Re: Object-oriented thinking in SQL context?

From: David BL <>
Date: Fri, 12 Jun 2009 21:15:58 -0700 (PDT)
Message-ID: <>

On Jun 13, 12:47 am, Gene Wirchenko <> wrote:
> David BL <> wrote:
> >On Jun 12, 3:46 pm, Marshall <> wrote:
> >> On Jun 10, 11:34 am, wrote:
> >> > On Jun 10, 9:55 am, Gene Wirchenko <> wrote:
> >> > >If you had to pick one, which would you pick words of wisdom or
> >> > >agreeableness?
> >> > That's a false and self-serving dichotomy.
> >> He presented it as a hypothetical, not a dichotomy. Since
> >> it's not a dichotomy, it can't be a false dichotomy.
> >Actually it's a standard terminology for considering "black and white"
> >situations. See
> >
> It is also used for setting priorities.
> >Gene's question involves a hypothetical dichotomy. I interpreted the
> >response as simply saying it's an irrelevant question because the
> >antecedent is generally false. If you see relevance in the question,
> >what is it exactly?
> >It's like someone wanting to justify euthanasia and asking: "If you
> >had to choose between laws allowing murder and euthanasia, which one
> >would you pick?"
> Bad example.

> Euthanasia might be considered a subset of murder.

Yes, might. It might not as well. It's not black and white. In any case the point is that there isn't a dichotomy, which is certainly the case with a subset relationship. I fail to see why you think it's a bad example.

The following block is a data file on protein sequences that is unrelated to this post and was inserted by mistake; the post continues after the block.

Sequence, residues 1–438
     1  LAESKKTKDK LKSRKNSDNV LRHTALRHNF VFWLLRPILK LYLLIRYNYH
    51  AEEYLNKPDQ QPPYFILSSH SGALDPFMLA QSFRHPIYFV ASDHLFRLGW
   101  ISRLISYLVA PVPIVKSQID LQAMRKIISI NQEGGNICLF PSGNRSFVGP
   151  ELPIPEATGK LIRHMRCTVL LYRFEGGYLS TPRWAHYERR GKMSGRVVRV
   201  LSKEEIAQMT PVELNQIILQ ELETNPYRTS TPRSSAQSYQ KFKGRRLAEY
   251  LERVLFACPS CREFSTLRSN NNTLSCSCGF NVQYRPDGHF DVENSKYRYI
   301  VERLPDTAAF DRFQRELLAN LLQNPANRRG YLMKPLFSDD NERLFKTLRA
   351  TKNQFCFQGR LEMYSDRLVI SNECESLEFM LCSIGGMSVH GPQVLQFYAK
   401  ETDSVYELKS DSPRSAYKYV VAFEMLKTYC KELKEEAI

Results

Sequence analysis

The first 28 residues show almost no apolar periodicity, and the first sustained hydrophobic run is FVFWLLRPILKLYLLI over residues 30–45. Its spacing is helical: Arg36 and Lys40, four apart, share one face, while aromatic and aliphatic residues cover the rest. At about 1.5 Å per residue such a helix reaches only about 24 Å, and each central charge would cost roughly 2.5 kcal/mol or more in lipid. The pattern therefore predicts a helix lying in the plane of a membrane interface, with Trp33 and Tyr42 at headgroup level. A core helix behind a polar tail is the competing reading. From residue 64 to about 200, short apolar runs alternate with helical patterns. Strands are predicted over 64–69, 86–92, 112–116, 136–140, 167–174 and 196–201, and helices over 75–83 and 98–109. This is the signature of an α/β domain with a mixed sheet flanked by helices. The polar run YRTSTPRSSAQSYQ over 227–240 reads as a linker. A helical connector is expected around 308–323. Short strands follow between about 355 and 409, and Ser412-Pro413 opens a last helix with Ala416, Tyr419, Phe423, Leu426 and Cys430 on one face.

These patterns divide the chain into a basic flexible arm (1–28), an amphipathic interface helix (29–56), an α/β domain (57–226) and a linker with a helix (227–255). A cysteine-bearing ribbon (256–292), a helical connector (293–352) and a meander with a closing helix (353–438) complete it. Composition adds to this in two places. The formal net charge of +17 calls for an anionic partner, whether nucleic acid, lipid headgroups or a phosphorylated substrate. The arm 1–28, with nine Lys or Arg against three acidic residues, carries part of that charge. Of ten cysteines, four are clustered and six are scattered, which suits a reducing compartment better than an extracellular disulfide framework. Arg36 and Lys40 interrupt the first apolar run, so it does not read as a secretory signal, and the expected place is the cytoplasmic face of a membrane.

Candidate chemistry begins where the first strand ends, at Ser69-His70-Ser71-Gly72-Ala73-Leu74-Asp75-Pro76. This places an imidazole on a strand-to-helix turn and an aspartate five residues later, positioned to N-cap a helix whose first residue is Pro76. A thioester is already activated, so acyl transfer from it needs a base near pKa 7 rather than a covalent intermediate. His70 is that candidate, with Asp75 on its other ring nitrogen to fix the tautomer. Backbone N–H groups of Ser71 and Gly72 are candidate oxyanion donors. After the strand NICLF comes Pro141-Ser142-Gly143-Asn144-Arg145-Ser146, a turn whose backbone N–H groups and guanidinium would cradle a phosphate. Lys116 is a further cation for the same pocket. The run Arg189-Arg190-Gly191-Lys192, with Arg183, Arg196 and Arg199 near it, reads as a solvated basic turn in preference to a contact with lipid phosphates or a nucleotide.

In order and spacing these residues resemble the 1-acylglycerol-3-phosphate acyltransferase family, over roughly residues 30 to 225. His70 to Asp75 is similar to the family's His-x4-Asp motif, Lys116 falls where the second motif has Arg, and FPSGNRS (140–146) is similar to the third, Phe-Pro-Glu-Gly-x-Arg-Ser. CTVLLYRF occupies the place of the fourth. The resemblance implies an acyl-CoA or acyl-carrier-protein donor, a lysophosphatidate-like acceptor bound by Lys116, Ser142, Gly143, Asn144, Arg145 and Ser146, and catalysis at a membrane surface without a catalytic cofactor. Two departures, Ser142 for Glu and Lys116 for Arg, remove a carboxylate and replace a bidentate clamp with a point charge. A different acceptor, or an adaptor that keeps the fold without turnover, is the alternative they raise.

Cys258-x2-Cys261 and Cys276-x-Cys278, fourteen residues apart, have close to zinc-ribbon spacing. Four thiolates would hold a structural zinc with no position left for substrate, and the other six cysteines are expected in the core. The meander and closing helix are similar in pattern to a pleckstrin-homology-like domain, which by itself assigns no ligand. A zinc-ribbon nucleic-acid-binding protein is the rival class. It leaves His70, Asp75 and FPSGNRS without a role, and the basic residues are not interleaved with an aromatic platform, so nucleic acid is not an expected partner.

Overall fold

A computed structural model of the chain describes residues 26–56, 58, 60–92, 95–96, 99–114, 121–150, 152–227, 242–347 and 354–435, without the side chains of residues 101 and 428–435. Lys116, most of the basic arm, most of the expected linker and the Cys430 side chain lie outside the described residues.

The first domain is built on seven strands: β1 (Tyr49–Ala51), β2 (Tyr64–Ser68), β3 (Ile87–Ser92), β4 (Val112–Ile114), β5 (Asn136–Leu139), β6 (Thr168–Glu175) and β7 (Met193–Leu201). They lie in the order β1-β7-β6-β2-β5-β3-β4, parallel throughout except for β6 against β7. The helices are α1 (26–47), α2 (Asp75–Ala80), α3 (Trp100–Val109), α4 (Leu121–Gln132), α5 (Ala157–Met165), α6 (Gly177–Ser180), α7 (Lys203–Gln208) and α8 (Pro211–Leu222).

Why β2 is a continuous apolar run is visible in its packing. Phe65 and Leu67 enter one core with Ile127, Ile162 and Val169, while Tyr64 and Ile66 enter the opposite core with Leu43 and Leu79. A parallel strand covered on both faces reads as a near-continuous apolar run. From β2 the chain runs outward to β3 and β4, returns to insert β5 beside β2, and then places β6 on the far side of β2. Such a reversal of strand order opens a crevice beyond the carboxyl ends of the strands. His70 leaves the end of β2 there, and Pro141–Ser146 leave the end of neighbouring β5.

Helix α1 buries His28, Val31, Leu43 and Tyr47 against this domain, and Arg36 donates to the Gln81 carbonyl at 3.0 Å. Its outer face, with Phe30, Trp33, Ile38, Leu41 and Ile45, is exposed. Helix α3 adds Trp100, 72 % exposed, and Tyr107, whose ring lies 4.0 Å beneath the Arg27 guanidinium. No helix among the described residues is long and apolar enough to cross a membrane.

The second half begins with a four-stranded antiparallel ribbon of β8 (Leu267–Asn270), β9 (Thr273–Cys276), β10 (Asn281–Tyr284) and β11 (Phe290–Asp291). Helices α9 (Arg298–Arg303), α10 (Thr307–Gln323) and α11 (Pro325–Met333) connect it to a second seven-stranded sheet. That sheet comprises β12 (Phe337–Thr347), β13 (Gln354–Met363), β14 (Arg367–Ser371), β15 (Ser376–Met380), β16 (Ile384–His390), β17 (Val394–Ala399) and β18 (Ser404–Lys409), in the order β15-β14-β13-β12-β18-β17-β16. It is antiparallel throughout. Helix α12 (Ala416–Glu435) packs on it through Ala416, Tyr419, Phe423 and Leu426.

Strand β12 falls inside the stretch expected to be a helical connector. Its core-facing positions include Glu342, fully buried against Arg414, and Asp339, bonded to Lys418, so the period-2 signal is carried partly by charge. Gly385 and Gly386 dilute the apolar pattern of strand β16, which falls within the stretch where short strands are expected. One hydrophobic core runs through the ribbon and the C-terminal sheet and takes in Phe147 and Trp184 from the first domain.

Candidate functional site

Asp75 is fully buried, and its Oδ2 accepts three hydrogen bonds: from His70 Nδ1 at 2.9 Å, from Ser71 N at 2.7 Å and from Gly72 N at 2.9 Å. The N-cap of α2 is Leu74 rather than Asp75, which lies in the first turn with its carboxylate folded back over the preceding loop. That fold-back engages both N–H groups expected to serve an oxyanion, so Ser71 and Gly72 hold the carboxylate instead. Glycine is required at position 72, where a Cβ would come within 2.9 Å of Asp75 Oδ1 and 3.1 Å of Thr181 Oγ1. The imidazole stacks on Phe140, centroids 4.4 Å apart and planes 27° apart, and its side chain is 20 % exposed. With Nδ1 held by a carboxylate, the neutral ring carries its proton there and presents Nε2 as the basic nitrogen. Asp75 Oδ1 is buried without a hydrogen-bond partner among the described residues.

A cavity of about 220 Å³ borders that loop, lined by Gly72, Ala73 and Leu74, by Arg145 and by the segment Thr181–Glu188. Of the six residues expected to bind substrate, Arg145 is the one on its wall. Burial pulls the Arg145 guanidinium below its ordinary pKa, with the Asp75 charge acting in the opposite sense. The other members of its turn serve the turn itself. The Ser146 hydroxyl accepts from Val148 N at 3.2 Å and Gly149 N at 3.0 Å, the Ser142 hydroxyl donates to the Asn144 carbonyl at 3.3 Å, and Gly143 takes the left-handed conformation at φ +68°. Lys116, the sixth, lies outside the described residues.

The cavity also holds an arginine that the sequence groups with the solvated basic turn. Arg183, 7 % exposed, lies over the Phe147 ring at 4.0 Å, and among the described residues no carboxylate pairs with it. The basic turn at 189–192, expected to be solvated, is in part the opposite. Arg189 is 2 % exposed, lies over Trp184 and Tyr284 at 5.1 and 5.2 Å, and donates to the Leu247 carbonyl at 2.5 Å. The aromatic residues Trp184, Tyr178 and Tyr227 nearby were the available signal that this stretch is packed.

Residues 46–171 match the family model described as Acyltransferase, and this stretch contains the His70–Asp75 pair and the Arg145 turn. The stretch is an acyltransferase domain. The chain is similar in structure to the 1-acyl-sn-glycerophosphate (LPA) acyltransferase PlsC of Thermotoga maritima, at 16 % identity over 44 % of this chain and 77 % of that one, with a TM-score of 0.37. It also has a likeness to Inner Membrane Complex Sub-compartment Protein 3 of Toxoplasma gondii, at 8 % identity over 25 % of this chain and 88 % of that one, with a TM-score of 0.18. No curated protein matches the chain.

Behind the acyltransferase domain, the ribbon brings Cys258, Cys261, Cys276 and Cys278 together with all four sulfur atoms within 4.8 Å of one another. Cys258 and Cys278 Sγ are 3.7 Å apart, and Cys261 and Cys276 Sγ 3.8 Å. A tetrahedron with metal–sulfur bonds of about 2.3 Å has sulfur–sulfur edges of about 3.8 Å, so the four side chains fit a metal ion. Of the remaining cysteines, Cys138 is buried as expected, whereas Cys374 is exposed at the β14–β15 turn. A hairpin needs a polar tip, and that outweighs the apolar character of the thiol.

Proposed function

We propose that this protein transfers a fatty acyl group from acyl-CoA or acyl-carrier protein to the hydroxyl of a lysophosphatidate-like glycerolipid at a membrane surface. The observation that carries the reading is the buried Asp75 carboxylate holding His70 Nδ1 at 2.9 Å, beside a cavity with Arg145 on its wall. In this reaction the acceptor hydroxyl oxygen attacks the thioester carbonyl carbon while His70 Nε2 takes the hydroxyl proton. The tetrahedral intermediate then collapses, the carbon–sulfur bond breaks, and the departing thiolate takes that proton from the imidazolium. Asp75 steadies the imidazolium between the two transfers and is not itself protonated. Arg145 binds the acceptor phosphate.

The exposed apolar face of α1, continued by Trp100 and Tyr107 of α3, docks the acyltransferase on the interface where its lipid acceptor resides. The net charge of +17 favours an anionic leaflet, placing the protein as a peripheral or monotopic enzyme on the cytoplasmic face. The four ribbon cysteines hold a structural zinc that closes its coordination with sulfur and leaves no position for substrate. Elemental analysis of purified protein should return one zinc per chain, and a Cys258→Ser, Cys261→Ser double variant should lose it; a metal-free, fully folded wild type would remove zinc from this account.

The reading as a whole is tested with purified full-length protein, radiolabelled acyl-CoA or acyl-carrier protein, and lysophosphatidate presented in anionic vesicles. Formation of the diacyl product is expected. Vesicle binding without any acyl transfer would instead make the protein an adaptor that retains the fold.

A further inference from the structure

A clever false dichotomy tries to trick people by presenting them with a fictitious choice between a really bad option and the one being pushed. It is one of the well known forms of logical fallacy.

> Neither wisdom nor agreeableness is a subset of the other.

> >You're just playing with words.
> I am asking which is the higher priority. Marshall got the
> point. Some have not.

Duh. Obviously you were asking which is the higher priority. The point you seem to have missed is that one only really needs to prioritise real choices, not your "self-serving" imaginary ones.

Marshall's pathetic argument was that the choice was imaginary (aka "hypothetical"). At least he admitted it was only a small point. Received on Sat Jun 13 2009 - 06:15:58 CEST

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